I did not yet appreciate the wisdom of his perspective - but having started in support services, I should have. Regardless, I will forever be grateful for what I would learn from his challenge of me, and the efforts that would follow. 

It was deemed an initiative of the culture committee, with discussions focusing entirely on issues and improvements to be made for patients, families, the community and especially staff. 

I welcome opportunities for effective collaborations at any level, so the invitation was extended to department heads, patient care employees and support services alike. It's important to have diverse representation with a willingness to contribute. I let it be known that it was not a requirement or even expectation, merely the possibility to impact change. 

What I saw within this group was incredible. The group was comprised of a housekeeper of 20+ years who said she felt empowered by finally "having a seat at the table;" a 10-year employee of Dietary that had recently been awarded Employee of the Year; an enthusiastic LPN, only a few months away from completing her BSN; and many others from virtually every department. The room resonated with ideas that longed to be heard.  

I presented the situation of the elderly couple outside the laboratory. Our task was to address an unmet need. To care for that husband - and family members like him - as he cares for his wife. 

Prior to opening up the session, I made one request. Whatever we came up with needed to be budget neutral.  

Many wonderful discussions ensued with the greatest difficulty being in keeping them from going down too many "rabbit holes" with their enthusiasm. It was encouraging to see the engagement--younger and older staff alike were sharing stories, ideas and, interacting with co-workers that had barely (if ever) met before.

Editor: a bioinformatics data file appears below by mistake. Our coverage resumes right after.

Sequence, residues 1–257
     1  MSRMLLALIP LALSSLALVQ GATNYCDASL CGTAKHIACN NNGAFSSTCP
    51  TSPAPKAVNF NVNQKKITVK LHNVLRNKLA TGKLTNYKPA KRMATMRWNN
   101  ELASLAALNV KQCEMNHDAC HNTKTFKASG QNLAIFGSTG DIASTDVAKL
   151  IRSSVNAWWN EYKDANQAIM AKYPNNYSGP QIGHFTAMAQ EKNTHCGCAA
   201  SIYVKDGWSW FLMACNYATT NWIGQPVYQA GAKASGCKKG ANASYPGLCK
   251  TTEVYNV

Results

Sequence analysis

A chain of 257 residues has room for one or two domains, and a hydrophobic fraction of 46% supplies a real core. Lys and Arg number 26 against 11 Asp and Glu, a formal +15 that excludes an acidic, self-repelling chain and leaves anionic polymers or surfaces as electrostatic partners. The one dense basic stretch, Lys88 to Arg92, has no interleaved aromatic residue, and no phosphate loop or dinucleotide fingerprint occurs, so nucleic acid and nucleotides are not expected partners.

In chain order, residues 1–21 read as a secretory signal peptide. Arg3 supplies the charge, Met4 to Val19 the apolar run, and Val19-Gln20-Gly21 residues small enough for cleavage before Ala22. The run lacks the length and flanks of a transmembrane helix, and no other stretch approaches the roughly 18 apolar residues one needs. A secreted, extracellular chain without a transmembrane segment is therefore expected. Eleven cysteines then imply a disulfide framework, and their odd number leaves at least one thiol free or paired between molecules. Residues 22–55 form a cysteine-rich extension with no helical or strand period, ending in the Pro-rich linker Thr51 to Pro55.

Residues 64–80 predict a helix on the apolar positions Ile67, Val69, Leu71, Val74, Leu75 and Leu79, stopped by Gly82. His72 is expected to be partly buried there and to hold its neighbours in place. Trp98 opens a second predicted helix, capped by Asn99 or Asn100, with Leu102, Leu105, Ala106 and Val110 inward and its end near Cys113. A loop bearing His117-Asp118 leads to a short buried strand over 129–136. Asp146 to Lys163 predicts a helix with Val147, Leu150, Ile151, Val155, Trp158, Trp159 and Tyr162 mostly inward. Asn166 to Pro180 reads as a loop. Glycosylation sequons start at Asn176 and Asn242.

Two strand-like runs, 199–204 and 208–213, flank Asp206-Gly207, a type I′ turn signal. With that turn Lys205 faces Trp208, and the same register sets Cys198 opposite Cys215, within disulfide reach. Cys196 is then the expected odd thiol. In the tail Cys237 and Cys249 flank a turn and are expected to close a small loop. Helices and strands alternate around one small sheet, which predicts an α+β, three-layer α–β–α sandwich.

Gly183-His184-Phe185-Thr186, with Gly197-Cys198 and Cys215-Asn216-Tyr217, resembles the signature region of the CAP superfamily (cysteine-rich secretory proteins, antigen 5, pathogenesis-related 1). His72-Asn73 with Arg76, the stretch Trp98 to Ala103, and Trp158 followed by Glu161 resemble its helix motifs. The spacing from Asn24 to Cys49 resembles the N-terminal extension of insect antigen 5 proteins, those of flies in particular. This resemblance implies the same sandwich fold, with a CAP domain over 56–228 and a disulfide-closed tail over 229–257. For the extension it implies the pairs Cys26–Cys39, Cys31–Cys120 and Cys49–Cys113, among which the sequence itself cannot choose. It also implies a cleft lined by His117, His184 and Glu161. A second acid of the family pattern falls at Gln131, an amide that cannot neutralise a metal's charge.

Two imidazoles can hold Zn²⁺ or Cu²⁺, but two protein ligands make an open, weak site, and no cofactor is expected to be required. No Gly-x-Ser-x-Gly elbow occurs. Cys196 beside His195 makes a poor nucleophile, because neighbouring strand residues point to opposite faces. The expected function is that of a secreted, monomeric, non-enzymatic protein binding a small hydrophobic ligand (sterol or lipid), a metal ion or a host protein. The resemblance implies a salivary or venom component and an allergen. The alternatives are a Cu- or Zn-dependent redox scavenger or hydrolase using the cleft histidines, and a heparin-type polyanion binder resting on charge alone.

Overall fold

“Healthcare Leaders are to challenge staff, but do so in truth and encouragement. Lifting them up through delegation and empowerment. Enabling them to do better, be better, and improve quality of care for our community.” 

I did have one significant disappointment however - with a department head. It seemed her only intent was to be cantankerous. Wanting to be disparaging of any idea presented. Some of her points had validity, but her focus was on minor logistics. I gave her some grace, and reminded everyone we were there to brainstorm. 

But still, she continued. So, the next idea she shot down, I posed my own challenge to her - what was her proposal? Perfectly fair question. That is why we were there after all. But she offered nothing in response. 

After the meeting, I took the department head aside, and asked if she understood what we were trying to do and why. I can't expect her engagement if she doesn't align with the intent. It turns out, she didn't understand. Wanting the challenge to be meaningful, I asked specifically why she felt disconnected. Her response was perhaps my saddest moment as a leader. She claimed to want quality care for patients and families of course, and appreciated the "idea" of improving the culture - but did not recognize the value of my opening it up to front-line staff. Conjecture on my part, but it seemed her position of leadership was more about perception of power, rather than a responsibility of providing support.